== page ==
Cut through all the malarkey of supply-side economics and just look at what tax cuts have done for us.
Or you could look at what tax cuts haven't done for us.
So why exactly should we expect a different result if we elect more of the same politicans wanting to enact more of the same policies?The U.S. economy has expanded at a healthy clip for most of the last 70 years, but by a wide range of measures, it stagnated in the first decade of the new millennium. Job growth was essentially zero, as modest job creation from 2003 to 2007 wasn't enough to make up for two recessions in the decade. Rises in the nation's economic output, as measured by gross domestic product, was weak. And household net worth, when adjusted for inflation, fell as stock prices stagnated, home prices declined in the second half of the decade and consumer debt skyrocketed.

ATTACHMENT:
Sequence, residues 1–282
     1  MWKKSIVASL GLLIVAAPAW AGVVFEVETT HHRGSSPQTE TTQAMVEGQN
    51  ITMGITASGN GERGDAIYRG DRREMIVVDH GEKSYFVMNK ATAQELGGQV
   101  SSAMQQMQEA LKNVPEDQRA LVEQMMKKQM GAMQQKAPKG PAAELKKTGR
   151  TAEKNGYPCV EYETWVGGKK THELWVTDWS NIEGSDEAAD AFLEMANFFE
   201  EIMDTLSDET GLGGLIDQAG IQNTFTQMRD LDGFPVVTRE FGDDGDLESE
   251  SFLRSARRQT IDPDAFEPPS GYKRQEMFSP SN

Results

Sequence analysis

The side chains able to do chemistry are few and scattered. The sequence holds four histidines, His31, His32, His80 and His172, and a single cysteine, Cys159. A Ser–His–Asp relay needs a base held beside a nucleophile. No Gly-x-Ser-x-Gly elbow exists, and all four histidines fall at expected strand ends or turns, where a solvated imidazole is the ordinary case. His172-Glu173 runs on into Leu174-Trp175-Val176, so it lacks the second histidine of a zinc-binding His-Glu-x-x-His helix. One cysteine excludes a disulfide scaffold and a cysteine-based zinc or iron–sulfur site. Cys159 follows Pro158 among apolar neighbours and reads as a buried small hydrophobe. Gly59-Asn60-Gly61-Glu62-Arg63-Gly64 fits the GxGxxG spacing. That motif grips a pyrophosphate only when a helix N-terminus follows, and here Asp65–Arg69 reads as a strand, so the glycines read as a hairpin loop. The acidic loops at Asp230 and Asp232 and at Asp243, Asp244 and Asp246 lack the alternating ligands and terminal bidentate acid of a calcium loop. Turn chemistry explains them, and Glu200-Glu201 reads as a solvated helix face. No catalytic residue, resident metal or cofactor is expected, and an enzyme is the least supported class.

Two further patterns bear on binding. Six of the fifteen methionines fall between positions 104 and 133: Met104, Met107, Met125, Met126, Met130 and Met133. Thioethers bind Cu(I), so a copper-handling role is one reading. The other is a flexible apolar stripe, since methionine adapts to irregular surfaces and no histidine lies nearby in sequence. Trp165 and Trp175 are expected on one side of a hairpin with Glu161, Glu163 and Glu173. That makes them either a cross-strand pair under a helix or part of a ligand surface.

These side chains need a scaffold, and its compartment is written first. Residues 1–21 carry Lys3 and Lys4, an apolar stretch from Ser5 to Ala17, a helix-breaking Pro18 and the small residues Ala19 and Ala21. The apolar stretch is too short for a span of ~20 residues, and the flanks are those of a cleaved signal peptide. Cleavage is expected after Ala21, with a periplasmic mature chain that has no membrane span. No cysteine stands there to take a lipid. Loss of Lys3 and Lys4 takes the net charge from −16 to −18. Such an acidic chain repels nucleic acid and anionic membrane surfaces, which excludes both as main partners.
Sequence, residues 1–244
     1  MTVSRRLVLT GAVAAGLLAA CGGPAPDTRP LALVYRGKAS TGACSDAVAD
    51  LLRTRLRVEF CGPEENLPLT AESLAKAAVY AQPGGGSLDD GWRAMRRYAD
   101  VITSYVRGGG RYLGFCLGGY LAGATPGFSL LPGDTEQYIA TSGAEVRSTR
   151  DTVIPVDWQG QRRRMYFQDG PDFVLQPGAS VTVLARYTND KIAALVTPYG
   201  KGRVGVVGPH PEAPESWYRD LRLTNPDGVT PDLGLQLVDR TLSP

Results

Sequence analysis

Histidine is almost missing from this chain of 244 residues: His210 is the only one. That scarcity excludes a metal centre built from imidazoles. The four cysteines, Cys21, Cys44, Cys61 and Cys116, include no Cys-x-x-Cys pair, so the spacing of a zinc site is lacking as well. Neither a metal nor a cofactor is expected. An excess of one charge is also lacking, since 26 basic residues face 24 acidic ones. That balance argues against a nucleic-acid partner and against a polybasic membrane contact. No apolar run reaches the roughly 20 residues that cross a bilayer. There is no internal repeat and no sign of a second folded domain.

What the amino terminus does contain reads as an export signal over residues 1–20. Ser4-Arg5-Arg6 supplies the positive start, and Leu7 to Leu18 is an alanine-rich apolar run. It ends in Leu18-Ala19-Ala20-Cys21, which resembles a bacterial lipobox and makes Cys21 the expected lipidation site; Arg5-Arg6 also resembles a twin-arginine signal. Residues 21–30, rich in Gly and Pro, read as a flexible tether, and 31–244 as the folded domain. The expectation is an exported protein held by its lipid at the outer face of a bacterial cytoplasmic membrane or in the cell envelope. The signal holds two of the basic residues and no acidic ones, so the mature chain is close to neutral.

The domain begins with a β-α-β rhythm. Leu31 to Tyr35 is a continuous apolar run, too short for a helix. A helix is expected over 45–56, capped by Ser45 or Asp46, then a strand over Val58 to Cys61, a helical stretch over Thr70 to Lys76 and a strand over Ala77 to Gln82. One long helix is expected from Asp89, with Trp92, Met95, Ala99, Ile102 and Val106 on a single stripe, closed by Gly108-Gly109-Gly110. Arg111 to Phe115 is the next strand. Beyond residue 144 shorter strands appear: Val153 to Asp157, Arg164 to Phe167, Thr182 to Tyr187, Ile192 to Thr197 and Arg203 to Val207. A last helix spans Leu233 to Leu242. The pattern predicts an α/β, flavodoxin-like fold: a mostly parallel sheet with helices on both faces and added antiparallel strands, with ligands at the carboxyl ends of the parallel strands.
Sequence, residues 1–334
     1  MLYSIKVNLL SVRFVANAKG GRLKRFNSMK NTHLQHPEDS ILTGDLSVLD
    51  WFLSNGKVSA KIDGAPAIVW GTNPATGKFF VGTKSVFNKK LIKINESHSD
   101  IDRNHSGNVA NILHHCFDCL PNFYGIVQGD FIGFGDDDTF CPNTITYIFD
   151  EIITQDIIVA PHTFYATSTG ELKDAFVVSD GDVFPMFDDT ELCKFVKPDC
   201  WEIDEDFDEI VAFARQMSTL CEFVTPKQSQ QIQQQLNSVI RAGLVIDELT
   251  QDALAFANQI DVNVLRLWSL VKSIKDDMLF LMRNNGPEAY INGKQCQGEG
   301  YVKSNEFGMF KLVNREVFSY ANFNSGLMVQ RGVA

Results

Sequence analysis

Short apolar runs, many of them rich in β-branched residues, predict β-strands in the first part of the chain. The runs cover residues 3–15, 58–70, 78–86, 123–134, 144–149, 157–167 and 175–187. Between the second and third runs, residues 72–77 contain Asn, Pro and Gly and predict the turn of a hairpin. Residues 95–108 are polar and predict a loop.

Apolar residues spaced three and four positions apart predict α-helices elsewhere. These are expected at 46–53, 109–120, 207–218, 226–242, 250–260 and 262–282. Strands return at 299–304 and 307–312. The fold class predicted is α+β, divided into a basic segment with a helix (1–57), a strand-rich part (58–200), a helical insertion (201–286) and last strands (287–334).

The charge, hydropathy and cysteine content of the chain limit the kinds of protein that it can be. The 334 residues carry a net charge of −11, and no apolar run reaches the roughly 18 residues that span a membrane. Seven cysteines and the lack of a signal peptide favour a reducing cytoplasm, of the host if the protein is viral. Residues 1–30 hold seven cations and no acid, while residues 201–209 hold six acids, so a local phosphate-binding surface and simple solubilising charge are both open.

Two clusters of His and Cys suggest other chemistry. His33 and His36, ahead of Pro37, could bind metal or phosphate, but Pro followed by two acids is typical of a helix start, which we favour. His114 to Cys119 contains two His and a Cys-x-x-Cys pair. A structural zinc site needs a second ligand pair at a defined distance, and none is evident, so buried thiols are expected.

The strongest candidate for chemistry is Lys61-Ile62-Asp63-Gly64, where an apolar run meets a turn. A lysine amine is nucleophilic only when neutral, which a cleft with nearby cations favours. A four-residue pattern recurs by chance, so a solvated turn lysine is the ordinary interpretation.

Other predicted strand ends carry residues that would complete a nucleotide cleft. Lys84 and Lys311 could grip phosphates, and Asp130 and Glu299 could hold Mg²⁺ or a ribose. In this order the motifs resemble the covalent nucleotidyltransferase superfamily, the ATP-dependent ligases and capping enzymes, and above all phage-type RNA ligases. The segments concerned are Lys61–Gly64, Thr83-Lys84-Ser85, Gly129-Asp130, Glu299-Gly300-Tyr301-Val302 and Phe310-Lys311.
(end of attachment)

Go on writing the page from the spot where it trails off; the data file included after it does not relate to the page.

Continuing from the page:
Something else I've been wondering, if tax cuts are always the right policy prescription for any economic diagnosis, how do you know when to stop? Even if you could cut all taxes to zero, then what?
I'd like to see the
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